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Microsoft Releases Final Azure Stack Technical Preview

The third and final technical preview (TP) of Azure Stack, Microsoft's solution for organizations that want to run the Azure public cloud platform in private datacenters, is now available.

Azure Stack will be offered on integrated appliances from Microsoft-approved partners. Microsoft also revealed on Wednesday and pricing for Azure Stack will be consumption-based.

The new Azure Stack TP3 comes nearly eight months after the company released the second preview and more than a year since releasing the first test release. While Microsoft has shifted course on Azure Stack a number of times, most notably last summer, the company now says it has firmed up its roadmap for the product.

Starting with TP3, Microsoft is promising more continuous refreshes up until Azure Stack's expected release this summer. Microsoft will soon add support for Azure Functions and, shortly thereafter, Blockchain, Cloud Foundry and Mesos templates. Also in the coming months, Microsoft will release an update to TP3 that will offer multi-tenant support.

"Our goal is to ensure that organizations choosing hybrid cloud environments have this same flexibility and innovation capability to match their business objectives and application designs," said Microsoft Technical Evangelist Jeffrey Snover in a blog post published revealing the latest Azure Stack news.

Snover said TP3 will let customers:

  • Deploy with ADFS for disconnected scenarios
  • Start using Azure Virtual Machine Scale Sets for scale out workloads
  • Syndicate content from the Azure Marketplace to make available in Azure Stack
  • Use Azure D-Series VM sizes
  • Deploy and create templates with Temp Disks that are consistent with Azure
  • Take comfort in the enhanced security of an isolated administrator portal
  • Take advantage of improvements to IaaS and PaaS functionality
  • Use enhanced infrastructure management functionality, such as improved alerting

Apparently, Microsoft is letting testers keep their previews. Upon release, Snover said the company will rename its proof-of-concept (PoC) deployments Azure Stack Development Kit, which customers can use as a "single-server dev/test tool to prototype and validate hybrid applications." After Azure Stack is commercially available, Snover said customers should expect to see frequent release updates focused on application modernization, improved management and scale.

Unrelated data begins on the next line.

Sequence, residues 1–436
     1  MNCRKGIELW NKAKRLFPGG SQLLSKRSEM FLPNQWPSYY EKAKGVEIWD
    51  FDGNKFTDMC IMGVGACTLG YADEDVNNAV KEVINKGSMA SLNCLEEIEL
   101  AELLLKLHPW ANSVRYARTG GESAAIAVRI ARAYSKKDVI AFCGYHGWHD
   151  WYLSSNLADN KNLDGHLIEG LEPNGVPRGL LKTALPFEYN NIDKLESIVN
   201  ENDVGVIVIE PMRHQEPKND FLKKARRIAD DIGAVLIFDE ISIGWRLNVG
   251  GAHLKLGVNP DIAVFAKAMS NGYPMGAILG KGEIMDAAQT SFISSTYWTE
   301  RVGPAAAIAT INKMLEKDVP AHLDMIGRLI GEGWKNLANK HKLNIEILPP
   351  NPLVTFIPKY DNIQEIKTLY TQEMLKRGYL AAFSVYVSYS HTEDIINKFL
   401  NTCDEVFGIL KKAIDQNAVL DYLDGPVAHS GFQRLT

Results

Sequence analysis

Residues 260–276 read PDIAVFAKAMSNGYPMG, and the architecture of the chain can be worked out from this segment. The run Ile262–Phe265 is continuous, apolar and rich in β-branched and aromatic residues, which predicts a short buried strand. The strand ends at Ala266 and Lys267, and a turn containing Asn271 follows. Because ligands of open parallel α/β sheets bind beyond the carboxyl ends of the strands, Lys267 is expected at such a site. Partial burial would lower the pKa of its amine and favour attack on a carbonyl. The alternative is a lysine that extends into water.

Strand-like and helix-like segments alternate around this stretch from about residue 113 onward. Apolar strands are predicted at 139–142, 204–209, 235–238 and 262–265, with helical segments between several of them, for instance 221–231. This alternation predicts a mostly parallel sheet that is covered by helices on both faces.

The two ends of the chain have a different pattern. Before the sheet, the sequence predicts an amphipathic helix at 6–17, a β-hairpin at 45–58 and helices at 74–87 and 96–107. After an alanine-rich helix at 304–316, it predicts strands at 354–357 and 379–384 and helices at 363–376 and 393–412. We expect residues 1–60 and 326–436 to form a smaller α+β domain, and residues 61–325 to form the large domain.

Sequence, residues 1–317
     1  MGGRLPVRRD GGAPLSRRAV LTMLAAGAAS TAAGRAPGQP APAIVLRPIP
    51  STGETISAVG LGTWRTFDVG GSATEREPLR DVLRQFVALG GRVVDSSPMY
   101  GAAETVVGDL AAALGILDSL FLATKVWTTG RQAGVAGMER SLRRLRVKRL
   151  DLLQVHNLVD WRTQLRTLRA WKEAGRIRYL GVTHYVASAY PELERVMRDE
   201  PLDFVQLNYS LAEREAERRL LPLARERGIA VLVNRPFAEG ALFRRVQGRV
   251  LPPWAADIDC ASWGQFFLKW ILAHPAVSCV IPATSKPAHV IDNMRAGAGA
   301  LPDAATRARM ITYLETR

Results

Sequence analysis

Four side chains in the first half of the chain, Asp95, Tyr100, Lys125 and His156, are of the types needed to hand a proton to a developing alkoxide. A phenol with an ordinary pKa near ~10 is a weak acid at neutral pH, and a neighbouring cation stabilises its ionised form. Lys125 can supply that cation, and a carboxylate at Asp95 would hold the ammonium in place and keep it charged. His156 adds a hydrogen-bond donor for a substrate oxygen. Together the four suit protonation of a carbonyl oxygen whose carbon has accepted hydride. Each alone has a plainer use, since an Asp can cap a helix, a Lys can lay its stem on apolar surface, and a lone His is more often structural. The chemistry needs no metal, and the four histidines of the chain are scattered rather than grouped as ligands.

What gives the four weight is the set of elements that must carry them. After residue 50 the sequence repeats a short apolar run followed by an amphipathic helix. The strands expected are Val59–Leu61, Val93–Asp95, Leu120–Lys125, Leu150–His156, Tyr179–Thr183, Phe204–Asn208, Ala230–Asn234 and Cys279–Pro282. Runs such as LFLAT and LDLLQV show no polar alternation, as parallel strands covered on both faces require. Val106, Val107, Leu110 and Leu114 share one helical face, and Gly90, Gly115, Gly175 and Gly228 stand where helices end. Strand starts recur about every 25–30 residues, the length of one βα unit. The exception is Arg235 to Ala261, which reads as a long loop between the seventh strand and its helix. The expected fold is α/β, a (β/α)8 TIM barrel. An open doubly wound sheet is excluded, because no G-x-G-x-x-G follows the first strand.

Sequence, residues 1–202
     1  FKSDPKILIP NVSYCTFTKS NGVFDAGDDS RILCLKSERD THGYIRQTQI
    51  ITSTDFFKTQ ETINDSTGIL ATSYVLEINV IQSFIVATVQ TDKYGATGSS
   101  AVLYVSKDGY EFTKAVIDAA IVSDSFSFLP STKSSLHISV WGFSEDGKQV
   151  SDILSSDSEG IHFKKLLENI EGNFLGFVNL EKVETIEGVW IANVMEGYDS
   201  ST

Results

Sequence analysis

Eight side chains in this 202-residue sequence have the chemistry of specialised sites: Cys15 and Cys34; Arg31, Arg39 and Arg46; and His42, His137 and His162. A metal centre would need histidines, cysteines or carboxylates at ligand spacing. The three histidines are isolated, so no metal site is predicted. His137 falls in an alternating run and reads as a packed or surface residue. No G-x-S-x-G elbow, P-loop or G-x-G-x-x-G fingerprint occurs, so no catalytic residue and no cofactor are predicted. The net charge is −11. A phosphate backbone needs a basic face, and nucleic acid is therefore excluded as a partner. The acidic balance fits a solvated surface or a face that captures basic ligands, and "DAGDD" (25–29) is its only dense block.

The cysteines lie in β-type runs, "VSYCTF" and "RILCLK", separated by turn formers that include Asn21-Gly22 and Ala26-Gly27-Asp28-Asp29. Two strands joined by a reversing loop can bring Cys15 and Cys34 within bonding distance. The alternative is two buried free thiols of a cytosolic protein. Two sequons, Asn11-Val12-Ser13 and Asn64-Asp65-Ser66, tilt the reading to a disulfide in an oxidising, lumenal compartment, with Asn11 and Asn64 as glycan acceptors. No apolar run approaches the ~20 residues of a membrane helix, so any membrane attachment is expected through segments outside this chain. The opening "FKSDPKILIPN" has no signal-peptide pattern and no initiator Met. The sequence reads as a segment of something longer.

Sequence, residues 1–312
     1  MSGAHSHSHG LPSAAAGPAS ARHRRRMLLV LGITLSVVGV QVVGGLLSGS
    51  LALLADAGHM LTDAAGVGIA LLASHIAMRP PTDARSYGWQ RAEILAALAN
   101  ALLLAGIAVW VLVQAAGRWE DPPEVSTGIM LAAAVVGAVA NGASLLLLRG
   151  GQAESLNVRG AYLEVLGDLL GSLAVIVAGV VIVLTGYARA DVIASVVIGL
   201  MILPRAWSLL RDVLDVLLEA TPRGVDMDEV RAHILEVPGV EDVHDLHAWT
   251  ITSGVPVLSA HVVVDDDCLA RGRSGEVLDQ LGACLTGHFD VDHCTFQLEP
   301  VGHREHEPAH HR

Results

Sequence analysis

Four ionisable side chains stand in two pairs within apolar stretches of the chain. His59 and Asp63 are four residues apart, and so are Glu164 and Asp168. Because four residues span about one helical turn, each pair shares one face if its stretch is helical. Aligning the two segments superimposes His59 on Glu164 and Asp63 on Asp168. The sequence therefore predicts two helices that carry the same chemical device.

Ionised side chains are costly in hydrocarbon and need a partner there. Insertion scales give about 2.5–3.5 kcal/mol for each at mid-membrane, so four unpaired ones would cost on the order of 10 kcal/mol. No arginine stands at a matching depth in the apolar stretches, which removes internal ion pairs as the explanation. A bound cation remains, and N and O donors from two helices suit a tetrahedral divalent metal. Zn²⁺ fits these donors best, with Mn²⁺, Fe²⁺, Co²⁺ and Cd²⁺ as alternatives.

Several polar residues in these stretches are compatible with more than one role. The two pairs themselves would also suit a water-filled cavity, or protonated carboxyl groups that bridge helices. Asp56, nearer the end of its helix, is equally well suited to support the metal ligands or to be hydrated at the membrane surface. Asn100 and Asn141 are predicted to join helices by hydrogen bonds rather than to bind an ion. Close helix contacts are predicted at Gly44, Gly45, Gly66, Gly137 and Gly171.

Snover emphasized the goal for Azure Stack to offer a consistent and hybrid application development platform that ensures apps developed can run in either the public or private versions of Azure IaaS and PaaS services. "Individuals with Azure skills can move projects, teams, DevOps processes or organizations with ease," he noted. The APIs, Portal, PowerShell cmdlets and Visual Studio experiences are all the same.

Microsoft also said it is looking to apply the same "cloud economics" to Azure Stack as offered through Azure. As such, customers will pay on a consumption basis, though somewhat less since Microsoft isn't incurring the entire infrastructure cost, according to a brief video explaining the usage-based pricing model. Hardware providers Microsoft has partnered with have indicated they will also offer subscription-based pricing plans.

The first systems will come from Dell EMC, HPE and Lenovo, and later in the year from newly added partner Cisco, which will offer Azure Stack systems jointly engineered by the respective suppliers and Microsoft.

"From what we have seen if it so far is it is starting to take on the fit and finish of a completed product," said Jeff Deverter, chief technologist for the Microsoft practice at Rackspace, in an e-mail. "This announcement has really ignited the productization work here at Rackspace as we strive for being a launch-day partner."

Rand Morimoto, a Microsoft Azure MVP and president of Walnut Creek, Calif.-based Convergent Computing, a provider of IT development and deployment services, has been building PoCs with Azure Stack for a number of large enterprises since Microsoft released the first technical preview early last year, and said in an e-mail that he has been awaiting TP3.

"This is a huge solution for a lot of our banking and health care customers," Morimoto said. "We are anxiously waiting for the final release of Azure Stack and corresponding hardware solutions around it."

About the Author

Jeffrey Schwartz is editor of Redmond magazine and also covers cloud computing for Virtualization Review's Cloud Report. In addition, he writes the Channeling the Cloud column for Redmond Channel Partner. Follow him on Twitter @JeffreySchwartz.